Take it from me: you can’t over communicate. No matter how much you communicate now, you would do well to at least double it, and, make sure that whatever the message is that you give it in at least two different formats. Yes, the more you communicate the more you’ll get out of your team. They will be happier and more productive – and you will be, too.

2. Appreciate and criticize, but do a lot more of the former than the latter

It’s human nature for people to be negative, because it is ALWAYS easier to point out what is wrong than to spend time thinking about what is right. I learned this a few years ago when I was a brand new newspaper editor and struggling to get my news desk to write front page headlines that would pass muster with the publisher.

What I learned was this: it wasn’t enough to tell them that a headline didn’t work. Just about any idiot could do that. The trick was in being able to give them constructive guidance in how to write something better.

That’s the problem with a simple admonition to “appreciate and criticize,” because it is far too easy for managers revert to human nature and simply be critical while forgetting the appreciation part.

I hate to use hard-and-fast rules of thumb, but in my book, you should appreciate no less than 80 percent of the time. Yes, you should only be critical one time out of five, and if you find yourself doing it more often, you’ll also find yourself with a demoralized and beaten down staff.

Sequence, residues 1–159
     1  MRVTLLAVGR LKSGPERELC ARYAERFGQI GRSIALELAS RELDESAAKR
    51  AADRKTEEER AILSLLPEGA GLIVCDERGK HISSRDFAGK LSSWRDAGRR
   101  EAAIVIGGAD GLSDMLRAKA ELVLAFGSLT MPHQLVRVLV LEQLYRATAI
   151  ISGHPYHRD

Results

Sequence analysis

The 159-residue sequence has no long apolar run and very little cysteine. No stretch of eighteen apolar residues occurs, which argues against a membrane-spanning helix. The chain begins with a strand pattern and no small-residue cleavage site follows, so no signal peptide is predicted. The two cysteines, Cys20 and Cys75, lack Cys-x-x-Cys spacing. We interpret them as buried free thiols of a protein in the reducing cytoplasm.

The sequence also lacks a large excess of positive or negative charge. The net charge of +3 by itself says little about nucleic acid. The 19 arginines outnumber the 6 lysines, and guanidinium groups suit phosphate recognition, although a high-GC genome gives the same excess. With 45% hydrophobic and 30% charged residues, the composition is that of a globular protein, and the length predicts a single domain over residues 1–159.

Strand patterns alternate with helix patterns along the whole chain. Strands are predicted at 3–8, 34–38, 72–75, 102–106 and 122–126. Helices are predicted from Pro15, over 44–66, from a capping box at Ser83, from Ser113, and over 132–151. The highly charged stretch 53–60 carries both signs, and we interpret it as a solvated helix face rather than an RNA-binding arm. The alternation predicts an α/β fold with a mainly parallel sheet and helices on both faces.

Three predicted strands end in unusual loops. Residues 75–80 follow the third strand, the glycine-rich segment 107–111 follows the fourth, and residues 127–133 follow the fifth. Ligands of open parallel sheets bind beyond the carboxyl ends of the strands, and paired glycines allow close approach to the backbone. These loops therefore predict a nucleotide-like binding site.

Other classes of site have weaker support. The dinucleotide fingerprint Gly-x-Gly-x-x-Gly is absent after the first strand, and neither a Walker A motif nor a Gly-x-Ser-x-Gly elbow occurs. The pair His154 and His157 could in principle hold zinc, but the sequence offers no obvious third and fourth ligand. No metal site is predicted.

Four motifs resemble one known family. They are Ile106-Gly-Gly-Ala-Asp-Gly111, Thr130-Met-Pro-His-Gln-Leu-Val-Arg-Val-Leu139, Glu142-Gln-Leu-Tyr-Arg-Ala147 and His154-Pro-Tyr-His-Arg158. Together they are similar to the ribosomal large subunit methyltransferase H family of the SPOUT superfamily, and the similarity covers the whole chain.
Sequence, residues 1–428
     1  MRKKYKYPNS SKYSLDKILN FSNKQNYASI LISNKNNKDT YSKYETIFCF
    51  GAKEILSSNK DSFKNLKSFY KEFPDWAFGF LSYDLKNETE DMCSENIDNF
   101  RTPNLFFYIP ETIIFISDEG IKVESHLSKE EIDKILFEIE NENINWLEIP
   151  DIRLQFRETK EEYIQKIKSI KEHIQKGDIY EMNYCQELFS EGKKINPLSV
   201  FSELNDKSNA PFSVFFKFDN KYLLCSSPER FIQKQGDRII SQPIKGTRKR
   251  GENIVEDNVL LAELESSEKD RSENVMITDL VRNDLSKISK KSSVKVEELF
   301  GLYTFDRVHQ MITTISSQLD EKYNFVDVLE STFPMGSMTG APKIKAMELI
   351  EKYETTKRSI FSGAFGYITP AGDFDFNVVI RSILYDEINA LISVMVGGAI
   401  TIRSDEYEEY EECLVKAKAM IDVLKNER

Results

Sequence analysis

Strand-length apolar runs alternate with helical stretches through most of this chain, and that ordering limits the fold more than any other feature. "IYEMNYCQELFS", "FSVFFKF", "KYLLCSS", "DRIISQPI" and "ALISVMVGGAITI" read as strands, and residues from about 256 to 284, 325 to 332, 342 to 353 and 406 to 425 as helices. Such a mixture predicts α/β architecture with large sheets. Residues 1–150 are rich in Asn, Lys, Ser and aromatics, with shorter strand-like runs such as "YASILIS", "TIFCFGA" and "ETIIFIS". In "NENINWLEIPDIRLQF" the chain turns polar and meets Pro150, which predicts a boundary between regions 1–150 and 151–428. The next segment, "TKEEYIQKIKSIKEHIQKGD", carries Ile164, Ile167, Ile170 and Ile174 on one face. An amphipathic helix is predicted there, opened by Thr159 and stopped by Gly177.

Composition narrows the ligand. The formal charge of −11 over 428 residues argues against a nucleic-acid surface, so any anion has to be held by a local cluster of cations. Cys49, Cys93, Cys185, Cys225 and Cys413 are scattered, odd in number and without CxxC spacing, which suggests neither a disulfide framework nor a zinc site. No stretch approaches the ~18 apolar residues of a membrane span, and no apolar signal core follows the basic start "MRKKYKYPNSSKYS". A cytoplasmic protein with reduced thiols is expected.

3. Learn to listen is a message that should be branded on your brain.

I used to have a boss that didn’t seem to listen. He was so busy trying to make his point, or shooting down your thinking, that he never, ever really took time to truly listen to what I had to say, or how I was saying it.

People want to feel that what they have to say matters, and nothing says “what you are saying doesn’t matter” more clearly than a manager who seems to not listen very well.

Good managers know that they should spend less time talking and more time listening, and the 80/20 rule works here as well. When talking to employees, you should spend 80 percent of the time listening to what they are saying. If you are talking more than 20 percent of the time, well, you probably aren’t hearing them or helping them much, either.

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4. Walking the talk is a tough, but necessary, thing to do.

I don’t know about you, but far too few of the managers I’ve worked for seemed to follow up and do what they said they were going to do.

You know what I am talking about, like the manager who touts an “open door policy” yet is so intimidating that no one in their right mind would ever WANT to enter their office much less have an open and honest discussion.